Shackling is an involuntary type of hyper-restrictive housing. Although it does not include shackles specifically, restraints such as ropes, chains, and wires are commonplace methods in keeping the victim in extremely close quarters. These areas can be sheds, closets, or even caves. Similar to the asylums in Bly’s era, sanitation is a luxury. The detained person often eats, drinks, and defecates in the same space with little ability to prevent contamination.
The motives and background around shackling is a complex cultural issue. Some offenders tend to be family members who, despite loving the person, lack the resources and/or education to deal with mental health crises. Keeping the person confined can appear to be the safest option when confronted with the possibility of them hurting themselves or others.
Additionally, social stigma can create even more danger for the family as a whole as well as the mentally ill individual. Instead of risking exile or ostracization from the community, families may seek alternative healing methods at home, such as herbal remedies, that lack significant medical backing. This, in turn, can intensify psychosocial disability, leaving the family overwhelmed and confused with few options.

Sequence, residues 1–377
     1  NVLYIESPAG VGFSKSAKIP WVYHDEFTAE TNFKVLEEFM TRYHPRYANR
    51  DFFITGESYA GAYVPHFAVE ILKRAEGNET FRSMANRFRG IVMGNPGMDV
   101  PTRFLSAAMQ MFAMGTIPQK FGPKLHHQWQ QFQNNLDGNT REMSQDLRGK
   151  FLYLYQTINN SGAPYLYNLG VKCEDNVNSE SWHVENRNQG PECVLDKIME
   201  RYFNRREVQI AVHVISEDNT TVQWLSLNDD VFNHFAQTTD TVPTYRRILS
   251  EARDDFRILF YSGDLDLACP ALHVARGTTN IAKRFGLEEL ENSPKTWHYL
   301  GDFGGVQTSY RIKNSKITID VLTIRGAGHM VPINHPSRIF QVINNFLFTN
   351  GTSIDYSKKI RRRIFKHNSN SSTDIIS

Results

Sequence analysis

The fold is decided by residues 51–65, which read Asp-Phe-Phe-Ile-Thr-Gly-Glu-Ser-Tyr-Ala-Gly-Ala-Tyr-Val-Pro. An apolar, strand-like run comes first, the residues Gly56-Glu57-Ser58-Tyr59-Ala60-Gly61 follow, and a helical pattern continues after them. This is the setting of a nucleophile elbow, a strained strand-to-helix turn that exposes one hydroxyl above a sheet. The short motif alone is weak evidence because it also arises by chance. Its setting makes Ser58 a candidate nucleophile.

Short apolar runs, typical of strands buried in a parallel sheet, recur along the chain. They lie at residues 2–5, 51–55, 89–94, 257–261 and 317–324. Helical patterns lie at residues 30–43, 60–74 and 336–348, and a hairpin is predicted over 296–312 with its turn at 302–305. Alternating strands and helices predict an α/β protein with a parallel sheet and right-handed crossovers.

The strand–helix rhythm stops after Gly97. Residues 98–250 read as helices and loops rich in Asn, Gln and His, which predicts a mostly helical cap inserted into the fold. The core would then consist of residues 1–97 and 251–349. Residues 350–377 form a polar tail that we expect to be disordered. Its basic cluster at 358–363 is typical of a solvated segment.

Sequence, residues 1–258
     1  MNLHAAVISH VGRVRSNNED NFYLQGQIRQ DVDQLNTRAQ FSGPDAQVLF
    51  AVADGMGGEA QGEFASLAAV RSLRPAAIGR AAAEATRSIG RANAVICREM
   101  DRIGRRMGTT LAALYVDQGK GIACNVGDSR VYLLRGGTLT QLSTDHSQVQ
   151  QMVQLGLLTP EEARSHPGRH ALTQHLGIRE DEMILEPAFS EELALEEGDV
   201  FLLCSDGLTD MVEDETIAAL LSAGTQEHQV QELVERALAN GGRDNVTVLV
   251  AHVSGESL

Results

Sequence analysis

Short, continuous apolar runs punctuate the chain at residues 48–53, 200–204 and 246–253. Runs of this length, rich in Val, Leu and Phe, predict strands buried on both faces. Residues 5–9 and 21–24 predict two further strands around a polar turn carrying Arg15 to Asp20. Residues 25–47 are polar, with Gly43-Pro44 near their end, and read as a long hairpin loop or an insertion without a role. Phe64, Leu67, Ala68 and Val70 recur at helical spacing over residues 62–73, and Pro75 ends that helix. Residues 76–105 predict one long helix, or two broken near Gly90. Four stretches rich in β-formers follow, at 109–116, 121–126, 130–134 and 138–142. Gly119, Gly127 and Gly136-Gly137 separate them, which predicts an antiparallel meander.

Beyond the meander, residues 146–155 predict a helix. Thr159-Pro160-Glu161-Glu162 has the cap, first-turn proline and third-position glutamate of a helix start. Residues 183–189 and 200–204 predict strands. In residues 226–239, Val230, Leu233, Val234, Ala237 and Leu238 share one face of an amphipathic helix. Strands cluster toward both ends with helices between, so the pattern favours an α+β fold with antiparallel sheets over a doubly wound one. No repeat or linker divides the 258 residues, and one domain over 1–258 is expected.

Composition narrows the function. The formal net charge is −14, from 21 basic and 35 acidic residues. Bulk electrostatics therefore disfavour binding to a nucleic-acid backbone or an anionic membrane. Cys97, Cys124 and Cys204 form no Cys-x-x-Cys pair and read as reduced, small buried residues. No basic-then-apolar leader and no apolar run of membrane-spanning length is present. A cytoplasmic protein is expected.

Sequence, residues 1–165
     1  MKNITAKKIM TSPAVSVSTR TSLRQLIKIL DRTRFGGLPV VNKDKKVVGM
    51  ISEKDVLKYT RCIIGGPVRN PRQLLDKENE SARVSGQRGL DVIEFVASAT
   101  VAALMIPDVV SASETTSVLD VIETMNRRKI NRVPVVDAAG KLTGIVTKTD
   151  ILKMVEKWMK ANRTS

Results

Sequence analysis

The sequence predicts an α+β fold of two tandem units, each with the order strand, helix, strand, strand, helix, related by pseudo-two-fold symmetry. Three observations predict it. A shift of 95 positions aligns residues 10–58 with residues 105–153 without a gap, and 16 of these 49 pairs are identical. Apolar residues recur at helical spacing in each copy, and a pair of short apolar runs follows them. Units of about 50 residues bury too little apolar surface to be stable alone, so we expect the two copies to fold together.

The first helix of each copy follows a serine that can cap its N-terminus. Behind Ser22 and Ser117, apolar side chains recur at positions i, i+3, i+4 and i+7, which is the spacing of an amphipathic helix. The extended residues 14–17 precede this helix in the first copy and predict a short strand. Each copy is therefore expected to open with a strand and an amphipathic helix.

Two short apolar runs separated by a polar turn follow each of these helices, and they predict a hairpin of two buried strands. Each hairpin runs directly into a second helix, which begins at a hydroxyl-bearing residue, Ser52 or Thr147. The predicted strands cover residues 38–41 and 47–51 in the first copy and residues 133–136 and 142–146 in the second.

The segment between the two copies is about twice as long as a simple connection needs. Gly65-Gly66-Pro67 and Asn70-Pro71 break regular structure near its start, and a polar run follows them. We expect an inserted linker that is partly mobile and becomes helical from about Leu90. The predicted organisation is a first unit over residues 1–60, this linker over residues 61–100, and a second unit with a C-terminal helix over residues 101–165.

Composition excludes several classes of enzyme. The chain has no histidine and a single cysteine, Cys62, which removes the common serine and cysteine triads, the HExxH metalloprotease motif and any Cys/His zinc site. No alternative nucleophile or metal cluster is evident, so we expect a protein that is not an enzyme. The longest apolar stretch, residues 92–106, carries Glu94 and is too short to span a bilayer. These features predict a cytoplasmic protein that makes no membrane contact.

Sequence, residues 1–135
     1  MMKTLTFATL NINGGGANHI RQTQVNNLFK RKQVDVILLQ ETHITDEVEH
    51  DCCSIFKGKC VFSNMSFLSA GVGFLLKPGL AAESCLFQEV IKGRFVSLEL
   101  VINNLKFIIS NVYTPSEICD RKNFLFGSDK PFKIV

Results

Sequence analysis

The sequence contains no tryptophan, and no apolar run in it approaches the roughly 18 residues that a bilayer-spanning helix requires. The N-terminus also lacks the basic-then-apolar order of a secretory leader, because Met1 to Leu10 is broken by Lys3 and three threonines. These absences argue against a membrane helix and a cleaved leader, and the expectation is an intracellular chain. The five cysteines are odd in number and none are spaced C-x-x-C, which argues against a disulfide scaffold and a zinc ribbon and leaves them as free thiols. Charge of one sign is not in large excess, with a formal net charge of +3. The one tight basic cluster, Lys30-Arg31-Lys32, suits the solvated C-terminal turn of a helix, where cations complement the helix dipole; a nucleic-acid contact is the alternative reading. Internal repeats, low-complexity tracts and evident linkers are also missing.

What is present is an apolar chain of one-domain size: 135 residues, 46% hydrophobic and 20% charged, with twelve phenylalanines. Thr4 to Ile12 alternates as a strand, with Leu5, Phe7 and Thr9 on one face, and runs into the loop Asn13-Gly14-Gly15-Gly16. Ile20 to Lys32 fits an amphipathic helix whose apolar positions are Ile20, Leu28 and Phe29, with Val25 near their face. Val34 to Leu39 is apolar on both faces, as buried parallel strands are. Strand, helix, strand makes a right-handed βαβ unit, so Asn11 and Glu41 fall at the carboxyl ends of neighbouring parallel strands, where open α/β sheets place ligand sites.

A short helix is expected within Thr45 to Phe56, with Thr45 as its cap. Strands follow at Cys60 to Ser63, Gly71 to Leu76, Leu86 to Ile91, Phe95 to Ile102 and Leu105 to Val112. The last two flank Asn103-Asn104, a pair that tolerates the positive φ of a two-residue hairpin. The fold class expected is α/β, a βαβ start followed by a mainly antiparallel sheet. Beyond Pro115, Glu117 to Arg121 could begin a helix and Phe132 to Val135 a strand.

Abuse at the Systemic Level
However, abuse does not just occur at the familial level. Mistreatment and abuse flourish in large institutions. The institutions go by many names: asylums, mental hospitals, psychiatric healing centers, etc. These are establishments, often state-funded, purposefully keeping those with psychosocial disabilities away from the general population. Although the institutions usually operate under the pretext of healing and protecting the mentally ill, many criticize the asylum system for blatant human rights offenses.